Keeping it positive
With menus changing every three months and the new laboratory accounting for about 40 new dishes, there is a lot of pressure in the kitchen to perform. “I have fired many of the radicals on my team – four in one day alone – and have got new chefs on board. But I am really a people’s person,” he adds quickly, exhibiting a few characteristics of a superstar chef. The obsession over perfection is one. Non-dependance on ‘best of’ lists is another. “These lists are very volatile. No doubt, I would never have become so big without the awards but perhaps next year, I won’t even be on it,” he muses. What is important to him, he says, is being in his restaurant during a full house. “If I was into fame, I would have opened five more restaurants.”

Back to the future
Taking pride in changing the perspective of Indian cuisine internationally with his modern treatment, Gaggan has decoded many a traditional street food recipe. Tightlipped about the new menu till the lab opens a fortnight from now, he relents to share his experiments with Kashmiri morels that are dried, cooked and stuffed with paneer and mousse with an ice cream texture. They are freeze dried and sliced. “Losing moisture when freeze-dried turns the morel into a cookie at room temperature. I add a cream of cardamom, milk and saffron and it turns into a ‘morel oreo cookie’!” he says. Another experiment will see fatty tuna from Japan in a sushi with a difference; instead of rice, he’d use a breadless miso soup burger. ”

Earlier menus have had showstoppers like the ‘bloody’ Who Killed the Goat? (now replicated at a leading London restaurant). Or Charcoal, that is like its namesake in appearance, only to have undergone molecular gastronomy and sous vide techniques to become the delicious Kolkata fish chop in disguise. There are nuts in bags of edible plastic. And snow-like dhokla, thanks to a nitrogen bath and microwave. Then there is the produce, sourced from the best places in the world. “I don’t compromise and the fish and scallops must come from Tsukiji market in Japan every day. But the fruits and chicken are from Thailand.” It is this respect for integrity that got him into El Bulli. “They knew I had a great cause which was taking their philosophy and putting it forward with Indian food. So I was like a seed of their knowledge in Asia, which would blossom into what we call modernist cuisine today,” he says. It may also explain how, like El Bulli’s sudden closure in 2011, Gaggan believes that every restaurant has an expiry date. For his temple to modern Indian cuisine, that date is 2020.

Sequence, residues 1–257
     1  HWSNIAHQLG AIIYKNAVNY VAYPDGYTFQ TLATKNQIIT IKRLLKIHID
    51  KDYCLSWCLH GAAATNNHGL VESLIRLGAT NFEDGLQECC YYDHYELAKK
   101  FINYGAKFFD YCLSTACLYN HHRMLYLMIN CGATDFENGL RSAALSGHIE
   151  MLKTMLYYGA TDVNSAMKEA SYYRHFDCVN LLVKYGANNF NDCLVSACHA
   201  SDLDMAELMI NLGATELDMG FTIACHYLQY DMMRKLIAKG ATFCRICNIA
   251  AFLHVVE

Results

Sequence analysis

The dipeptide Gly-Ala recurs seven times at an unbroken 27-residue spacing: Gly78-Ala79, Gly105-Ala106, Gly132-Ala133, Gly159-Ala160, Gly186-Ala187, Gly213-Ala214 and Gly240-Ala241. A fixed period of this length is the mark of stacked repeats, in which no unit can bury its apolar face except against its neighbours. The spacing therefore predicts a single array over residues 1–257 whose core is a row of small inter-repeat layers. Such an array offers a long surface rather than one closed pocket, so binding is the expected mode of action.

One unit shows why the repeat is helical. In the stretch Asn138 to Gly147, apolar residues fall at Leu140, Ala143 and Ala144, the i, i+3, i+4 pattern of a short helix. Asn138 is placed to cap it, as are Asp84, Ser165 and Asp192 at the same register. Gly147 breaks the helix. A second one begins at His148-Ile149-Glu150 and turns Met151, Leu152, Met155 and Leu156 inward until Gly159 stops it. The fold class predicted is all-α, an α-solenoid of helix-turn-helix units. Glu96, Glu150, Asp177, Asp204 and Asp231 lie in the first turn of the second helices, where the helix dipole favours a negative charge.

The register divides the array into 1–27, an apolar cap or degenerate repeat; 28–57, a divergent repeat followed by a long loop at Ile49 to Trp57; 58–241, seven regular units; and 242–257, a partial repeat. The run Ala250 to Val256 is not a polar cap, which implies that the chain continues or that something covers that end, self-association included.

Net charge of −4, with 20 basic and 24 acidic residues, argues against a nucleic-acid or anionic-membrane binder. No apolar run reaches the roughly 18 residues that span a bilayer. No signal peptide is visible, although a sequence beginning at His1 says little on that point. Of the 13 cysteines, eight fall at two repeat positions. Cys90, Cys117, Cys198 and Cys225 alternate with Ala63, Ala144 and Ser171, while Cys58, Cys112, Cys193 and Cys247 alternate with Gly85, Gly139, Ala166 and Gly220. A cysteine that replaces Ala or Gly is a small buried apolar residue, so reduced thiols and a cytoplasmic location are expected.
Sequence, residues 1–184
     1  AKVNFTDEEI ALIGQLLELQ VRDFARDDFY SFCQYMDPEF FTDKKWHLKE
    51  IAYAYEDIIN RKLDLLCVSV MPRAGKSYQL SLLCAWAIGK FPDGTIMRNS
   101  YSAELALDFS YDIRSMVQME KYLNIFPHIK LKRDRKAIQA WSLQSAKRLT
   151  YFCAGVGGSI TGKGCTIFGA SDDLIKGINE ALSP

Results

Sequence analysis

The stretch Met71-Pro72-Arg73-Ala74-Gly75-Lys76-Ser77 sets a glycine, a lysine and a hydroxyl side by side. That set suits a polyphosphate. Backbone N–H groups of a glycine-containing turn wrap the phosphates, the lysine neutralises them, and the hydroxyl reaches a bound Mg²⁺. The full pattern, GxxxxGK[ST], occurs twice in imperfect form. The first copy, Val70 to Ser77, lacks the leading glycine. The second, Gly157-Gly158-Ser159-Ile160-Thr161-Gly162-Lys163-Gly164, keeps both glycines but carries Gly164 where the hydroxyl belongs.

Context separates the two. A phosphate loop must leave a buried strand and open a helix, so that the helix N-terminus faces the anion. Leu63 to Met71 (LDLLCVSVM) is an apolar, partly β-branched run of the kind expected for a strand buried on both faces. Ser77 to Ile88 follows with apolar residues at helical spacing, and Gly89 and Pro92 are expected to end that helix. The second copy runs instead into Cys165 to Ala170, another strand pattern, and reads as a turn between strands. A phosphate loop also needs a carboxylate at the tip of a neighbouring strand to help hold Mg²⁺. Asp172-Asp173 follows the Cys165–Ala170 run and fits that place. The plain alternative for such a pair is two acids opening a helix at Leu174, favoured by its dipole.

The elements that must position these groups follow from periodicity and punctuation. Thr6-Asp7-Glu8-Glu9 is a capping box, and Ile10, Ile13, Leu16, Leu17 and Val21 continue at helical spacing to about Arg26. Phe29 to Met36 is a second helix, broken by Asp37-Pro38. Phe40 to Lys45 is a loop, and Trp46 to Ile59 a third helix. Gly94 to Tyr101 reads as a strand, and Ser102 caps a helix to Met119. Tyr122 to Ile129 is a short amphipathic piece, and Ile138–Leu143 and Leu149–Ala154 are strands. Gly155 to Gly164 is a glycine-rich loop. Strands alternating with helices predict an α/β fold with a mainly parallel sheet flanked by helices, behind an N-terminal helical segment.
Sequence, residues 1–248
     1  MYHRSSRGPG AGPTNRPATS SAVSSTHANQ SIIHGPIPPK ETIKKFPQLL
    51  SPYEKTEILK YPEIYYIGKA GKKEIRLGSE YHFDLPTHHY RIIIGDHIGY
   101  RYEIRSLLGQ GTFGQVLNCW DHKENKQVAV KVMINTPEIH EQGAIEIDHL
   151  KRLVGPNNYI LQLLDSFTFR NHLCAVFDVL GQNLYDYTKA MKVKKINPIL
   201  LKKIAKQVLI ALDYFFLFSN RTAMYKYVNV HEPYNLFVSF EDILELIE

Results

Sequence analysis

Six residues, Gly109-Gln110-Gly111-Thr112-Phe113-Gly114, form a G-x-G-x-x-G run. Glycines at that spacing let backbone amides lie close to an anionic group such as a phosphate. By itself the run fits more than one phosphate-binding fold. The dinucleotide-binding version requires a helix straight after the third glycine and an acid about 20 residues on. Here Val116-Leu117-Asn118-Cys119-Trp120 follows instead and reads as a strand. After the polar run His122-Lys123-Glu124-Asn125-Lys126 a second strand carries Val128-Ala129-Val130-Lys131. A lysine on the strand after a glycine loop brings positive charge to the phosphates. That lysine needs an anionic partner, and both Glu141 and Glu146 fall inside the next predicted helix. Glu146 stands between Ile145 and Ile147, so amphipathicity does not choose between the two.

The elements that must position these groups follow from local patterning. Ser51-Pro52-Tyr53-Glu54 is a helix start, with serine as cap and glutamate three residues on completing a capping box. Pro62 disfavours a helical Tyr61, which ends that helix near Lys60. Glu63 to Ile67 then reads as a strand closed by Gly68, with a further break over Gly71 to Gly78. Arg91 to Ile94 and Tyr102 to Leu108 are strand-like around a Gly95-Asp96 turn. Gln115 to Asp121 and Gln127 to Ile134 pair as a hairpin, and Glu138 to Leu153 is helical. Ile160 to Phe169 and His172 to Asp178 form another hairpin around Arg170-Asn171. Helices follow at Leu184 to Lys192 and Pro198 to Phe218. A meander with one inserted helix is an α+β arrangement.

To the Steakhouse
While Gaggan hopes to lend his culinary expertise to Kerala and Rajastani cuisine at some point, Gujarati street food is next on his menu. At the moment, though, it is the success of Meatlicious, a steakhouse, that gets his attention. Launched in January as a project for his current wife, it focusses on cooking techniques with wood and charcoal, with the meats sourced from around the world. ‘‘It has  broken even in seven months. I go there when I need inspiration, and send Gaggan chefs there too,’’ says the chef. He dreams of starting a 10-seater weekend restaurant in Japan, and calls it the land of perfection. For now, GohGan, his collaboration with Chef Takeshi Fukuyama in Fukuoka, keeps him busy several times a year.

Telling a story
Netflix’s acclaimed original series, Chef’s Table, has an episode on Gaggan, which has been trending for the last few months. Nominated for the 68th Emmy Awards, for Outstanding Directing for a Non-Fiction Programme, it tracks the chef’s journey, from his simple beginnings to where he is today. ‘‘I wanted to prove that Indian food could be fine dining,’’ says the chef. The new dad (he has a three-month-old baby) recalls having to deliver chicken curry and rice to employees of a pizza chain, to make ends meet.
When we speak, we get Gaggan to share three best-kept food secrets of Bangkok: Khua Kling Pak Sod for authentic southern Thai food;
Ginza Sushi-Ichi for the best sushi in town; and Peppina, for pizzas.

By Rosella Stephen